The safety net gives salvors an incentive to extend salvage work. The underwriters therefore would want to know if a ship would be accepted as a constructive total loss. This, to a considerable extent, reduces the control of Club and the ship-owners.

As stated in 14(1), ‘Salvor is entitled to special compensation from the owner of that vessel at least equivalent to his expenses, which are defined in Article 14(3) provided of course,

  1. Vessel or her cargo threatens damage to the environment.
  2. Reward under article 13 is less than ‘Special Compensation’ assessable in accordance with Article 14.

Also 14(2) goes on to state, ‘if the salvor has prevented or minimised damage to the environment, the special compensation payable by the owner to the salvor may be increased upto a maximum of 30% of the expenses incurred by the salvor. However, the tribunal, if it deems it fair and just to do so and bearing in mind the 10 criteria set out in Article 13(1), may increase such special compensation further but in no event shall the total increase be more than 100% of expenses incurred by the salvor.

Two things are very important in respect of article 14,

1.  The total special compensation under article 14 is only payable in the event and to the extent that such compensation is greater than any reward recoverable under article 13.

2.   It is payable by the ship owner alone, and the cargo owners do not have to contribute to the special compensation at all. Applicability of the special compensation is made clear through the following flow charts:

Thus, it is now possible that the total amount recoverable by a salvor may exceed the total value of the salved property.

Focusing a little more on the Article 14, it can be seen that ‘expenses’ is defined as ‘the out of pocket expenses reasonably incurred by the salvor in the salvage operation and a ‘fair rate for equipment and personnel, ‘actually and reasonably’ used in the salvage operation, taking into account the criteria set out in Article 13, paragraph 1(h), 1(i) and 1(j)’. This means ‘the promptness of the services rendered, the availability and use of vessels or other equipment intended for salvage operations, the state of readiness and efficiency of the salvor’s equipment and the value thereof’ are the factors considered for finding out the expenses.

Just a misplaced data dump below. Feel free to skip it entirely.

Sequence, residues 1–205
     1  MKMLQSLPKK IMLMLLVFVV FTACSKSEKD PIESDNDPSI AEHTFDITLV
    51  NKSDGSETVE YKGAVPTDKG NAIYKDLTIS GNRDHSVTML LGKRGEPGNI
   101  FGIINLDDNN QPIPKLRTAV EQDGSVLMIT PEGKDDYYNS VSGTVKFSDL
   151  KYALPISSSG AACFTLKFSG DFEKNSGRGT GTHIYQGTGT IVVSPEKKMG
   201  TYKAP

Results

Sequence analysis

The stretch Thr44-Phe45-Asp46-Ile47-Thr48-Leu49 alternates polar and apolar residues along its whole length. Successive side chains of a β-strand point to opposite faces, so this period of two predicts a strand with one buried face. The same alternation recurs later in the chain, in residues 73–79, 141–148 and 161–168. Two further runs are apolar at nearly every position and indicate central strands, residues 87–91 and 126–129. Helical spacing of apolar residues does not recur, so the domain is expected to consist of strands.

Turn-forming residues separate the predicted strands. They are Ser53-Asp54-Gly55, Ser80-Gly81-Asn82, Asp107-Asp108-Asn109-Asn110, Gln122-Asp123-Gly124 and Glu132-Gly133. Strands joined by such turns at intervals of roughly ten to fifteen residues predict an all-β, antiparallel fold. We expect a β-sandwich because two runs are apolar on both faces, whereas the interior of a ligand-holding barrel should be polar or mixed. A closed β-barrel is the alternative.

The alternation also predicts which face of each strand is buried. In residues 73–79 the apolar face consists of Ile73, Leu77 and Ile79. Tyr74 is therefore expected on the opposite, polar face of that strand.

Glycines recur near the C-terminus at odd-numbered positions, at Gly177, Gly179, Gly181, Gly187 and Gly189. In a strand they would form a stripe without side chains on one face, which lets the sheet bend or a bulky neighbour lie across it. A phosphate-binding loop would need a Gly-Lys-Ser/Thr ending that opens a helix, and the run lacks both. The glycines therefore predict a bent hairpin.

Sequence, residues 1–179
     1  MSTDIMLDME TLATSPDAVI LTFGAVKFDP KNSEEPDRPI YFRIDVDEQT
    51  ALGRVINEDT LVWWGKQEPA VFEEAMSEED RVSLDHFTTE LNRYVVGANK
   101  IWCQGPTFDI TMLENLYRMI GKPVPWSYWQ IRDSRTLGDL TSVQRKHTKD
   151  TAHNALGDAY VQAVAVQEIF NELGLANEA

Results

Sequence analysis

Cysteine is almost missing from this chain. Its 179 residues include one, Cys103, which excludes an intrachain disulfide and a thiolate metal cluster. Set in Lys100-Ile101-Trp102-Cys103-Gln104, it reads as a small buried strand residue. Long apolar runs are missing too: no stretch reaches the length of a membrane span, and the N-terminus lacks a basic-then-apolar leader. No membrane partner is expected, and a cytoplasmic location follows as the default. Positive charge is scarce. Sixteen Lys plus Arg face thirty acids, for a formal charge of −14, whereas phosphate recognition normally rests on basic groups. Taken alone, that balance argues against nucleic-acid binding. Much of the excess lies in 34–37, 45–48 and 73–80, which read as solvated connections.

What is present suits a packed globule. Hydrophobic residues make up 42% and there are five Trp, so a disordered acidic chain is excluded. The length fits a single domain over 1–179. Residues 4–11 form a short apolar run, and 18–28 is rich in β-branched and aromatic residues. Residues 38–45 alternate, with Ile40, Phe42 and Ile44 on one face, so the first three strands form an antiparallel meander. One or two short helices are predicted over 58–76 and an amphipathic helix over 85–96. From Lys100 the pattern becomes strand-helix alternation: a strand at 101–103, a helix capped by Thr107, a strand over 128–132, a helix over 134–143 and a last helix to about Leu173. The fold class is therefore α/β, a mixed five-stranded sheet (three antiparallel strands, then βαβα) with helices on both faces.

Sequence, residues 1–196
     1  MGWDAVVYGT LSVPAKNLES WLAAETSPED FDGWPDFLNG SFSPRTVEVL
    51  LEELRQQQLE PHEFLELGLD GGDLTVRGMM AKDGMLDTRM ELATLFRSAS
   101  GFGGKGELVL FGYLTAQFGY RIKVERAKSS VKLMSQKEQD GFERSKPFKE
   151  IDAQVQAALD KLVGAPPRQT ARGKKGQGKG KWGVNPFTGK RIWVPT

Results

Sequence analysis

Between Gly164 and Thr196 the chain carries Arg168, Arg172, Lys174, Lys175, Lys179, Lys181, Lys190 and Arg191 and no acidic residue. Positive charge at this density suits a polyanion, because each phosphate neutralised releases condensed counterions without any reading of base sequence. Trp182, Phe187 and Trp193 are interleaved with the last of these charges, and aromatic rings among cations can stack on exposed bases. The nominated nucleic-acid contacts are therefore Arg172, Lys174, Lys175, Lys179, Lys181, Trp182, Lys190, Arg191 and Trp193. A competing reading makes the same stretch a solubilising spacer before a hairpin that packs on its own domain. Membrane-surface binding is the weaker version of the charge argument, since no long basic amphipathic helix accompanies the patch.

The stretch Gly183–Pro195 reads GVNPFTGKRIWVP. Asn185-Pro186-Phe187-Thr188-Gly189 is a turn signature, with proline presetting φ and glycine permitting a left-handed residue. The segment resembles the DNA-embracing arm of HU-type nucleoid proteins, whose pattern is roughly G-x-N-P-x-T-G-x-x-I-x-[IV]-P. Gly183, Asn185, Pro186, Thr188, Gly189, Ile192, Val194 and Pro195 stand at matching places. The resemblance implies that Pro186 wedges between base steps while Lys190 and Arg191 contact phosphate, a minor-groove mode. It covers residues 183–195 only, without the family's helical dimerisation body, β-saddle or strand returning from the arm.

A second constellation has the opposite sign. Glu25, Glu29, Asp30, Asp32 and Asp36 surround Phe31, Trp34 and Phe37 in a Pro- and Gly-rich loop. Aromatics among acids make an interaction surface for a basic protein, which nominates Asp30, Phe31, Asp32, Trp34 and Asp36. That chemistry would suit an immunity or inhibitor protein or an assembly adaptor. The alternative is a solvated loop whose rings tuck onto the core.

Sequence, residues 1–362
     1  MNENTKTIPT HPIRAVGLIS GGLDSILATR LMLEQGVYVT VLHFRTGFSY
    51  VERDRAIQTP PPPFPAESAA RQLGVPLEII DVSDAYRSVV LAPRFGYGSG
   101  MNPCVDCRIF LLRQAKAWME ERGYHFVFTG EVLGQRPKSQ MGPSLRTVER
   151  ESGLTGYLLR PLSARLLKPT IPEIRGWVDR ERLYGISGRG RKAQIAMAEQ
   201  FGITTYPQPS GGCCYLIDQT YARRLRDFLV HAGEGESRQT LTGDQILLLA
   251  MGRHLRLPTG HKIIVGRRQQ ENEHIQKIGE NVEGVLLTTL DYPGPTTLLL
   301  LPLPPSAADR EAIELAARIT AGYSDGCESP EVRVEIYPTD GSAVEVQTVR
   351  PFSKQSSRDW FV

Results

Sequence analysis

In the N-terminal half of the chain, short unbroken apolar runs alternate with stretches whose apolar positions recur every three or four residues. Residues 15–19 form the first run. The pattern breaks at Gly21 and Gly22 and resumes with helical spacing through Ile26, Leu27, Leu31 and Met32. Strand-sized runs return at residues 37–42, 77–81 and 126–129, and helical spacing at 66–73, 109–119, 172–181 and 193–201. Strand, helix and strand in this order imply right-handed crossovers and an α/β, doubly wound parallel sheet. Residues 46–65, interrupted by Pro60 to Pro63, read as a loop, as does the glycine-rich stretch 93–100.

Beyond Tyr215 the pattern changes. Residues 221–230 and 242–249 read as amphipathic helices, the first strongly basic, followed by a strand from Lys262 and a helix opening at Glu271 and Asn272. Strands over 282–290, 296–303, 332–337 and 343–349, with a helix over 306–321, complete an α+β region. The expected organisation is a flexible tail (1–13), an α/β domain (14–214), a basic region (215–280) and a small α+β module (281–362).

In the year 1992 the oil tanker, The Nagasaki Spirit laden with 40,000 tons of crude oil, and the container ship, ‘The Ocean Blessing collided in the northern part of the Malacca Straits. After the collisions some 12,000 tons of crude oil escaped into the sea and both vessels were engulfed in flames. All the crew of ‘The Ocean Blessing perished and only two crew on ‘The Nagasaki Spirit’, had survived. The ships were also under the pirate attack, (probably the main cause of collision). Salvors agreed to salve ‘The Nagasaki Spirit’ under LOF 1990. It included Articles 13 and 14 of the current Convention. The fire was extinguished by salvors. The vessel initially, taken to a specific area fearing pollution & later to a wharf where the cargo was transshipped and the vessel redelivered to her owners.

The underlying meaning of fair rate had come out in great controversy after the salvage operation of a tanker ‘Nagasaki Spirit’. The decision in ‘The Nagasaki Spirit’   showed that it needed some improvement and had to be more assuring as it did not always provide adequate reimbursement to salvors.

The arbitrator while fixing up the award stressed upon the need to encourage environmental salvage. When the appeal was made, the appeal arbitrator increased the amount of award computed by Art 13. As has been stated earlier if the Article 13 award becomes higher than the Article 14 award, the Special Compensation is not available.

An appeal was then made in court with Admiralty Jurisdiction. The judge held that although fair rate would normally include a profit element, the appeal arbitrator was right to reject this. In the court of appeal again the judge agreed with the previous judgment, stating that “fair rate” was not to be a “salvage reward”. Even in the House of Lords, Lord Mustill agreed that “fair rate” meant “fair rate of expenditure” and did not include any element of profit.

The entire salvage industry felt disappointed and let down. Salvage is an expensive business particularly in recent years. The capital and running costs have been difficult for the traditional salvage companies to sustain. Many others too felt that the Convention had been poorly drafted thereby limiting the amount that environmental salvors could be paid to mere “out-of-pocket expenses“, with no allowance for any profit margin.